Fetal/Neonatal adverse reactions

Neonates exposed to Fluvoxamine Maleate Tablets and other SSRIs or SNRIs late in the third trimester have developed complications requiring prolonged hospitalization, respiratory support, and tube feeding. Such complications can arise immediately upon delivery. Reported clinical findings have included respiratory distress, cyanosis, apnea, seizures, temperature instability, feeding difficulty, vomiting, hypoglycemia, hypotonia, hypertonia, hyperreflexia, tremor, jitteriness, irritability, and constant crying. These features are consistent with either a direct toxic effect of SSRIs and SNRIs or, possibly, a drug discontinuation syndrome. It should be noted that, in some cases, the clinical picture is consistent with serotonin syndrome [see Warnings and Precautions (5.2)].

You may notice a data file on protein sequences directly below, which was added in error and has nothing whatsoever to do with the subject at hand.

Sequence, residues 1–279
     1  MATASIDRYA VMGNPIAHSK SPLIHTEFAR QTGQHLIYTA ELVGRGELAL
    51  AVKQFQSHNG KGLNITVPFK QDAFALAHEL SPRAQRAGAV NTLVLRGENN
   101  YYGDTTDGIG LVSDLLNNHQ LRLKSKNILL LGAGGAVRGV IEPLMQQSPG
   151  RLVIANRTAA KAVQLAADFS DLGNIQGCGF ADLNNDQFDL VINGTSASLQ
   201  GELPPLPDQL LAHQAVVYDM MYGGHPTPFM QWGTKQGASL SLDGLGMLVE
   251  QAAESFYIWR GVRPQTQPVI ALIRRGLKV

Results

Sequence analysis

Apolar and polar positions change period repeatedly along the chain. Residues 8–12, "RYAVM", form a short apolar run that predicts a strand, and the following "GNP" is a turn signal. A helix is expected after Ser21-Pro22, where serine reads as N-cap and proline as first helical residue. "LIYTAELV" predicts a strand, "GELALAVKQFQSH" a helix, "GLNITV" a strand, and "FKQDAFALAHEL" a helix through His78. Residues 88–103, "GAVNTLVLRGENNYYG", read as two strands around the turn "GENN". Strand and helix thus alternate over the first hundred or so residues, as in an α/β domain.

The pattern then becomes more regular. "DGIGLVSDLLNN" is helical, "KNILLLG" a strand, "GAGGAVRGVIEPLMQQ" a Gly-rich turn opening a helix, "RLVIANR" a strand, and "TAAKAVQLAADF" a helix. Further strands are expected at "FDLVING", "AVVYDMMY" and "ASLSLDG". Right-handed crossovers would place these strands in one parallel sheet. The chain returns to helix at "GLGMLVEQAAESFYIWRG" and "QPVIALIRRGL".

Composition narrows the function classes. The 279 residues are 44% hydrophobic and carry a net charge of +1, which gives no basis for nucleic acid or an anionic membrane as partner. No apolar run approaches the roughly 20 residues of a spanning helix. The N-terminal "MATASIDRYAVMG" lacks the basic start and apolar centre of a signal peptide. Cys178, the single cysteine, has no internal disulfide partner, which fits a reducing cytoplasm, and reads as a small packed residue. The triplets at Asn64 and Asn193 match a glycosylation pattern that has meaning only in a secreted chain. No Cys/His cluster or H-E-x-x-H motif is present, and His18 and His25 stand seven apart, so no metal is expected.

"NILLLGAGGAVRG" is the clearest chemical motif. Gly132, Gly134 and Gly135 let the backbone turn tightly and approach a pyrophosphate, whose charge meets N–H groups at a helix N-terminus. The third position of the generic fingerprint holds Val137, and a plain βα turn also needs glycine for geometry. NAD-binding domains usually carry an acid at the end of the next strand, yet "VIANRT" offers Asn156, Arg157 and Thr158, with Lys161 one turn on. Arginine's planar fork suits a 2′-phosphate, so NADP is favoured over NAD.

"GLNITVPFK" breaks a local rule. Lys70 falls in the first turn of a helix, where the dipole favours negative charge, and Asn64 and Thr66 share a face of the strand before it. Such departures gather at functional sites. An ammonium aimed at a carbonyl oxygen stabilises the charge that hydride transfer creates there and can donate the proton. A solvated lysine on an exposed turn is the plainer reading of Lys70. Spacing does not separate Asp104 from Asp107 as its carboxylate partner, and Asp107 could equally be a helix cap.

Data

Human Data

Exposure during late pregnancy to SSRIs may have an increased risk for persistent pulmonary hypertension of the newborn (PPHN). PPHN occurs in 1-2 per 1000 live births in the general population and is associated with substantial neonatal morbidity and mortality.

Animal Data

When pregnant rats were given oral doses of fluvoxamine (60, 120, or 240 mg/kg) throughout the period of organogenesis, developmental toxicity in the form of increased embryofetal death and increased incidences of fetal eye abnormalities (folded retinas) was observed at doses of 120 mg/kg or greater (3 times the MRHD of 300 mg/day, given to adolescents on a mg/m2 basis). Decreased fetal body weight was seen at the high dose of 240 mg/kg/day (6 times the MRHD given to adolescents on a mg/m2 basis). The no effect dose for developmental toxicity in this study was 60 mg/kg/day (1.6 times the MRHD given to adolescents on a mg/m2 basis).